Another bat communication from David Barrett:
Here's what I wrote in the Times Q&A column in 2010:
I’m curious to learn what species of bats you observe at Central Park, and how many. Here in Olympia, Wash., the large lake in the center of the city has summer visitors of more than 3,000 bats a night; many of these are pregnant, then nursing, female little brown and Yuma bats.
— Posted by Judy Olmstead
We don’t really know how many bats show up in Central Park — nobody’s ever done a bat count. But here are the five species that have been sighted in the park so far: big brown bat (Eptesicus fuscus); little brown bat (Myotis lucifugus); eastern red bat (Lasiurus borealis); northern long-eared bat (Myotis septentrionalis); silver-haired bat (Lasionycteris noctivagans).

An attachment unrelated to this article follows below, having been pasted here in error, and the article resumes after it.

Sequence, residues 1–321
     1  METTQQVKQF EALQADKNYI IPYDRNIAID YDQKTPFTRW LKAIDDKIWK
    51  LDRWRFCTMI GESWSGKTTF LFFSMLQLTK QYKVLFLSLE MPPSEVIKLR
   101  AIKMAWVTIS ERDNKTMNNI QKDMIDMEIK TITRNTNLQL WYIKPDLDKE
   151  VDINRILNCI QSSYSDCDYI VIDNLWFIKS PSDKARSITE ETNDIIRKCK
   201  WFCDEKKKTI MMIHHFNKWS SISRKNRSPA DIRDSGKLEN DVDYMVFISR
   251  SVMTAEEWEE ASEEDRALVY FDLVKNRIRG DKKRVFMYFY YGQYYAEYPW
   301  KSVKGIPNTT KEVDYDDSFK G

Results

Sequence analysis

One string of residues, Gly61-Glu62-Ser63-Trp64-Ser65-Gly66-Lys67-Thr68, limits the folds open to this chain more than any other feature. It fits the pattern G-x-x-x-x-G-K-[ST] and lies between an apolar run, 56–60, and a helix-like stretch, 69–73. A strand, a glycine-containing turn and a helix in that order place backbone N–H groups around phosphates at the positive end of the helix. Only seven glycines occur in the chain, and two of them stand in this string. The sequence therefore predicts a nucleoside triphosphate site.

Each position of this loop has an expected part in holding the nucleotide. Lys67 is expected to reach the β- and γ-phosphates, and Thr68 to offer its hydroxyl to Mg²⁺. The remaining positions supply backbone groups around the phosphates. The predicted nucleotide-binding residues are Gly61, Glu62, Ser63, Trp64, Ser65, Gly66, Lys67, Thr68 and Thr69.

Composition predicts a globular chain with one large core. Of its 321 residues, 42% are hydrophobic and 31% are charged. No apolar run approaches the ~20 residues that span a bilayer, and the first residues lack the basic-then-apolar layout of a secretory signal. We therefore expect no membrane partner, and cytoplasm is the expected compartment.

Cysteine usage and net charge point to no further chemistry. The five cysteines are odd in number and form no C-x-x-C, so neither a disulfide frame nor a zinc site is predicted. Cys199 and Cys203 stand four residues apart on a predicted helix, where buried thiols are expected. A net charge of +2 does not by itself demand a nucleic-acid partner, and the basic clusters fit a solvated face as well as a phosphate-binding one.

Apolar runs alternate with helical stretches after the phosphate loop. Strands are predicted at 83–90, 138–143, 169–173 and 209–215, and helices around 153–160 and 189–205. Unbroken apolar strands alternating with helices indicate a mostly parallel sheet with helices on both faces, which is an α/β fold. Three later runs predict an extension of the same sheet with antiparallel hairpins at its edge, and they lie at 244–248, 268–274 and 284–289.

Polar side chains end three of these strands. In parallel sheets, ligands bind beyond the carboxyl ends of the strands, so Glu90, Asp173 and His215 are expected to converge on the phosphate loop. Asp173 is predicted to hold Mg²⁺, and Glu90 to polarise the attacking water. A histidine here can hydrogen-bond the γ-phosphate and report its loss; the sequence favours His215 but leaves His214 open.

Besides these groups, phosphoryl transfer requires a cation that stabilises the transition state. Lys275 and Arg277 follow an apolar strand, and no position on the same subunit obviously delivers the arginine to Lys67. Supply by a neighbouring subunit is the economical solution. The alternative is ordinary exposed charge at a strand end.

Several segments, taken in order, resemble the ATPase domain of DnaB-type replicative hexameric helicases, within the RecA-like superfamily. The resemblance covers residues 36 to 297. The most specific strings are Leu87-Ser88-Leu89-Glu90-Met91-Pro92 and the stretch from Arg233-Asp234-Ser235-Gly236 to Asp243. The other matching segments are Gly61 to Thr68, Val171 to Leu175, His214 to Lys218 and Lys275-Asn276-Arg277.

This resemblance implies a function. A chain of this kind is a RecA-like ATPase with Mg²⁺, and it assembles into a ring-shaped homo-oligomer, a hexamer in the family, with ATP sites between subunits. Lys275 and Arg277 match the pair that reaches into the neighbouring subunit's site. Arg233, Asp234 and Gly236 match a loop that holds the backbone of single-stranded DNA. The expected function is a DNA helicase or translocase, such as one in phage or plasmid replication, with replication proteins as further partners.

The time to find bats in Central Park, as everywhere else, is a little after sunset, when light is failing but you can still easily make out shapes. You can see our only flying mammals swooping over the shores of the lake, or Turtle Pond, or any of the other bodies of water on most summer evenings, but you have to have an eye for them. Most passers-by unfamiliar with the odd pattern of bat flight simply think they are birds and don’t give them another look. Of course a bat detector can be helpful in finding bats in other places throughout the park. In the Ramble and other woodlands you can often find bats hunting around the decorative street lamps dotting the pathways. The light attracts moths, and the moths attract bats. Yum.